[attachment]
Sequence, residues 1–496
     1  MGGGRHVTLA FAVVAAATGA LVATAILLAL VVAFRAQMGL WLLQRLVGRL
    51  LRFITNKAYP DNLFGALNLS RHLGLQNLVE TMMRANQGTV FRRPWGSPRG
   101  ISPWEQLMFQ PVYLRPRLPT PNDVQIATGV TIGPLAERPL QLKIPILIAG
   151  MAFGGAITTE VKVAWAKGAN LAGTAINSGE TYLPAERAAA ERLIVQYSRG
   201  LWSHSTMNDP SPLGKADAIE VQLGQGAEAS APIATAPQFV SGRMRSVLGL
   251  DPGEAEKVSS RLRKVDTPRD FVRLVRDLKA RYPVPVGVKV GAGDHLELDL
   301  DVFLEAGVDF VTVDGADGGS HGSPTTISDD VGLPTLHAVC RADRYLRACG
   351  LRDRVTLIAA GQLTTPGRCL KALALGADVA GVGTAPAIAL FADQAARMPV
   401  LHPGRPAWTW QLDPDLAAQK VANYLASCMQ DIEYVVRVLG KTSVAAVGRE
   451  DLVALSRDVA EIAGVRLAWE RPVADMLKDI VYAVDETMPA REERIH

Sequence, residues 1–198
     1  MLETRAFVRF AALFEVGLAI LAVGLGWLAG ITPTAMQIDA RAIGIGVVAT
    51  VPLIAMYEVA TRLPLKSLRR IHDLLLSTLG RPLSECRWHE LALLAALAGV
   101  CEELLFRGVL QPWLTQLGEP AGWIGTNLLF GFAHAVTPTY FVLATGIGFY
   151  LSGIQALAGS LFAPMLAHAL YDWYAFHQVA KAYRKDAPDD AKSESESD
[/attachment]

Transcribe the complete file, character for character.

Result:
Sequence, residues 1–496
     1  MGGGRHVTLA FAVVAAATGA LVATAILLAL VVAFRAQMGL WLLQRLVGRL
    51  LRFITNKAYP DNLFGALNLS RHLGLQNLVE TMMRANQGTV FRRPWGSPRG
   101  ISPWEQLMFQ PVYLRPRLPT PNDVQIATGV TIGPLAERPL QLKIPILIAG
   151  MAFGGAITTE VKVAWAKGAN LAGTAINSGE TYLPAERAAA ERLIVQYSRG
   201  LWSHSTMNDP SPLGKADAIE VQLGQGAEAS APIATAPQFV SGRMRSVLGL
   251  DPGEAEKVSS RLRKVDTPRD FVRLVRDLKA RYPVPVGVKV GAGDHLELDL
   301  DVFLEAGVDF VTVDGADGGS HGSPTTISDD VGLPTLHAVC RADRYLRACG
   351  LRDRVTLIAA GQLTTPGRCL KALALGADVA GVGTAPAIAL FADQAARMPV
   401  LHPGRPAWTW QLDPDLAAQK VANYLASCMQ DIEYVVRVLG KTSVAAVGRE
   451  DLVALSRDVA EIAGVRLAWE RPVADMLKDI VYAVDETMPA REERIH

Sequence, residues 1–198
     1  MLETRAFVRF AALFEVGLAI LAVGLGWLAG ITPTAMQIDA RAIGIGVVAT
    51  VPLIAMYEVA TRLPLKSLRR IHDLLLSTLG RPLSECRWHE LALLAALAGV
   101  CEELLFRGVL QPWLTQLGEP AGWIGTNLLF GFAHAVTPTY FVLATGIGFY
   151  LSGIQALAGS LFAPMLAHAL YDWYAFHQVA KAYRKDAPDD AKSESESD